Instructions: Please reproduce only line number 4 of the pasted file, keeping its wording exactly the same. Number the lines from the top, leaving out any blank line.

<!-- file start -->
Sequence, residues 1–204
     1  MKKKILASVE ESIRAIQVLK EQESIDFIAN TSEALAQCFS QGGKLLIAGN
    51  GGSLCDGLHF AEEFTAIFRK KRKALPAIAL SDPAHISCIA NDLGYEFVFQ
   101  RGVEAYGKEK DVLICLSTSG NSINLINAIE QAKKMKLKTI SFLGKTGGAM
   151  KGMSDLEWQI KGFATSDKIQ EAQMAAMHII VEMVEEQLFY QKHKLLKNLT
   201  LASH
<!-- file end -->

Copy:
   101  RGVEAYGKEK DVLICLSTSG NSINLINAIE QAKKMKLKTI SFLGKTGGAM